The dichotomy of defending criminals


Sunday, November 18, 2018

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I came upon a case recently of a defence lawyer named Geir Lippestad, who was threatened and had to remove his child from school because of his decision to defend a Norwegian neo-Nazi terrorist, Anders Behring Breivik, who had killed 77 people in an attack in 2011.

The threatening of this defence attorney is by no means unique or isolated. Many attorneys in the southern United States were threatened when they represented blacks in the 1950s and 60s, especially if they refused to conduct their duties to facilitate the kangaroo trials masqueraded as a justice system.

In Jamaica we don't really have overt hostility like that, but it is present in a latent form. I have often heard people say things like 'How can he defend a man like that?', or 'They must remember they have wives and daughters'. The latter comment is common when sex offenders are on trial.

As a human being, I allow my hatred of rapists and murderers to influence my judgement. However, as a pragmatist, I have to be practical.

The reality is that the defence attorney has two choices: he either represents the accused or he doesn't. If he chooses not to and everybody else does too, then the case cannot be heard.

This actually became an issue with the Lyn murders in Mandeville, where an elderly couple was killed in 2006 and no attorney in that geography wished to take the case. The end result of this type of stand could very well be the acquittal of the accused.

If the attorney chooses to take the case then he or she is vilified. My question is: What the hell do you want them to do?

Do you want them to take the case and do a lousy job?


A fair court system must include fierce advocacy and professionalism. It is important, not because of the 5,000 it will acquit, but because of the five innocent it will save from wrongful conviction.

There is an unfortunate history of countries so vile that attorneys have not even tried or dared to mount passionate defences. The Soviet Union, Nazi Germany and even China have allowed terrible injustices because of an imbalanced court system. Is this what we really want?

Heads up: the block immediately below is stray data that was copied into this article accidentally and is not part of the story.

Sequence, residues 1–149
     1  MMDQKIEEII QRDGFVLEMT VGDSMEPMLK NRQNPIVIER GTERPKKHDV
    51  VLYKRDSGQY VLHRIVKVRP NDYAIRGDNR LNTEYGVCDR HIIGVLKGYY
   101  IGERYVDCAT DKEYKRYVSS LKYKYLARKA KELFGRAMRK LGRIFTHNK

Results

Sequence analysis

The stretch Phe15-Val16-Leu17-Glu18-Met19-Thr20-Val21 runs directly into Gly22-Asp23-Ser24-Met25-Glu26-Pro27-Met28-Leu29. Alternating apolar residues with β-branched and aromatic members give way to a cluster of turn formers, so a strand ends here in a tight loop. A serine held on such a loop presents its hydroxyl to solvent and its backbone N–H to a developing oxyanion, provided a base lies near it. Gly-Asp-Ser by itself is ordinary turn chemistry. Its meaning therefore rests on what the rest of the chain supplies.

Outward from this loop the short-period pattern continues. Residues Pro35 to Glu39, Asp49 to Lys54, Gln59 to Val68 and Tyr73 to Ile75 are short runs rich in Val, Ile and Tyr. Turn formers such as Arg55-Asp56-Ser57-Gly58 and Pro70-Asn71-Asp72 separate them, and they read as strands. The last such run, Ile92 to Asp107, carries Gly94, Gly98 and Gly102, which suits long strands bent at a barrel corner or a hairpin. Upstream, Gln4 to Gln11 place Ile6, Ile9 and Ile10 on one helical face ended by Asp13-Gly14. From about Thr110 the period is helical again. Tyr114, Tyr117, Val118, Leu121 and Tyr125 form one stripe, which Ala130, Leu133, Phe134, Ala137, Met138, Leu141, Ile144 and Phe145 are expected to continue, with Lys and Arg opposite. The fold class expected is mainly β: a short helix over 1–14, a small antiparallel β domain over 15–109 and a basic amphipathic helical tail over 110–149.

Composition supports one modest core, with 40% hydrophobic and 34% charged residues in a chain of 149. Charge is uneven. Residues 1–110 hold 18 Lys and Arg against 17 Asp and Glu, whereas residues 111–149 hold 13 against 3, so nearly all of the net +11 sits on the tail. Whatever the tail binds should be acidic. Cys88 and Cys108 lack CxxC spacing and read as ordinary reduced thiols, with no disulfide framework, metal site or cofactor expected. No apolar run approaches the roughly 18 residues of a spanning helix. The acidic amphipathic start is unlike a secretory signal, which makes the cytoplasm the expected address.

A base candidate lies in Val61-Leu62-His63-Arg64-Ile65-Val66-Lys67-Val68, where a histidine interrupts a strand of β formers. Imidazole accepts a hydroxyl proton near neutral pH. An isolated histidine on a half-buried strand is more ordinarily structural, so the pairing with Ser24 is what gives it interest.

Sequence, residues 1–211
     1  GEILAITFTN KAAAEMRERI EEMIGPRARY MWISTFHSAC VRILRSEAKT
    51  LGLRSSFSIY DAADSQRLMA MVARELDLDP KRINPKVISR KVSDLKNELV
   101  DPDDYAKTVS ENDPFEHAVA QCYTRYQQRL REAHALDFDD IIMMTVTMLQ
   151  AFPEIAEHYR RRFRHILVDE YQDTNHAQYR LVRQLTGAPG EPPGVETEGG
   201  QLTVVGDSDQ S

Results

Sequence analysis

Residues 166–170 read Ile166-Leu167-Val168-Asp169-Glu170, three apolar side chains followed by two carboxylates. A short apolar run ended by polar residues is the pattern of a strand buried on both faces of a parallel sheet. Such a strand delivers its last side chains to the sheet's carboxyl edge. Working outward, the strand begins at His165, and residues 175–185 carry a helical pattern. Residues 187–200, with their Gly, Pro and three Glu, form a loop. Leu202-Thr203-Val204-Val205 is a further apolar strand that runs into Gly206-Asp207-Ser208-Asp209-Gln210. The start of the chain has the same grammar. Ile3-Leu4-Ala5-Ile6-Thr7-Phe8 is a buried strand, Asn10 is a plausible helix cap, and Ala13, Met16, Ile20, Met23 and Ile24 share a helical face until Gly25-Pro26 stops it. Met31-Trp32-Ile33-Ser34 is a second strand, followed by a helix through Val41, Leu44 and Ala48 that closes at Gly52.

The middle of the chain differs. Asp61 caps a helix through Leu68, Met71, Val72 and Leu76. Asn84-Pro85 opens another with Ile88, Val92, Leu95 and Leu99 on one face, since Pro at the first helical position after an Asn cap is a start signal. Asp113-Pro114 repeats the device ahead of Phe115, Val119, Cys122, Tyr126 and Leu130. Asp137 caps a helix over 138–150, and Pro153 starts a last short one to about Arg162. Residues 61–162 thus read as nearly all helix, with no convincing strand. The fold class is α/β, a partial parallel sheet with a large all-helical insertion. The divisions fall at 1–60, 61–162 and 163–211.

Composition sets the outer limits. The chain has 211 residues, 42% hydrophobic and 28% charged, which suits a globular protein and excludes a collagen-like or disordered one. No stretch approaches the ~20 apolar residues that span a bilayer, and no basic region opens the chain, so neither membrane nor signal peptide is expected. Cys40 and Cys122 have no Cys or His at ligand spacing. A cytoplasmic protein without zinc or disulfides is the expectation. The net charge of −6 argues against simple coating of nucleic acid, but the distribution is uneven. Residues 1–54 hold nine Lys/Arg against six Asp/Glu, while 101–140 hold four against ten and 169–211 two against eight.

I can recall the case of Diana Smith, the lmmaculate Conception High School girl who was raped and killed in 1983, and the character slaughter that the defence attorneys were subjected to in living rooms across uptown. Yet, it is now looked upon as a master defence and a stand for justice in the face of trial by rumour.

Some of our most outstanding Jamaicans were defence lawyers. Norman Manley was famous for defending accused persons long before he rescued us from the British.

Dudley Thompson may get a hard time for his 1970s activities as a politician, but remember that he defended Jomo Kenyatta.

For those who are too young to remember, Kenyatta was Africa's symbolic freedom fighter, long before Nelson Mandela was the famous icon he now is.

It is the same defence attorneys — who are subjected to criticism — who stand between INDECOM and our police officers. We rely on the same passion for our police when they are charged for carrying out their duties and not dropping the gun and running (I believe the term is called tactically retreating).

Always remember to focus on the innocent, who may be your son or daughter and consider that there is a system wherein justice is not determined on charge, but on completion of a trial. This system can only exist if it operates how it was designed to — by the debate of facts and the presentation of evidence and, most importantly, by everyone doing their job to the best of their ability.

Many an inmate of prisons in Siberia would have wished for a system such as ours. This is not to say that attorneys must forget their obligation to fair play. This includes the despicable acts of putting off cases so that witnesses will get fed up, describing witnesses to accused persons who turn up at video identification parades, or breaching regulations regarding acceptance of cash amounts above the legal limit.

What I will close in saying is that do not take our system for granted; it is one of the fairest in a world where most countries have kangaroo courts. This occurred on the backs of men and women who fought for change, equality and independence.

I am not old, but I can remember when countries like South Africa and Rhodesia (now Zimbabwe) conducted court on laws based on colour. We are 90 miles away from a court system that allows for indefinite detention on political grounds. Florida has only executed one white man for the murder of a black man, but 18 black men have been executed for the murder of white men, and the list goes on.

The system we enjoy and the power and equality the accused feels in conflict with his accuser exists because the defence attorney is free to engage in verbal conflict. What you do not want is a system where defence counsel is intimidated or not trying. Because the worst crime is not watching a guilty man go free, it is watching an innocent man go to prison.

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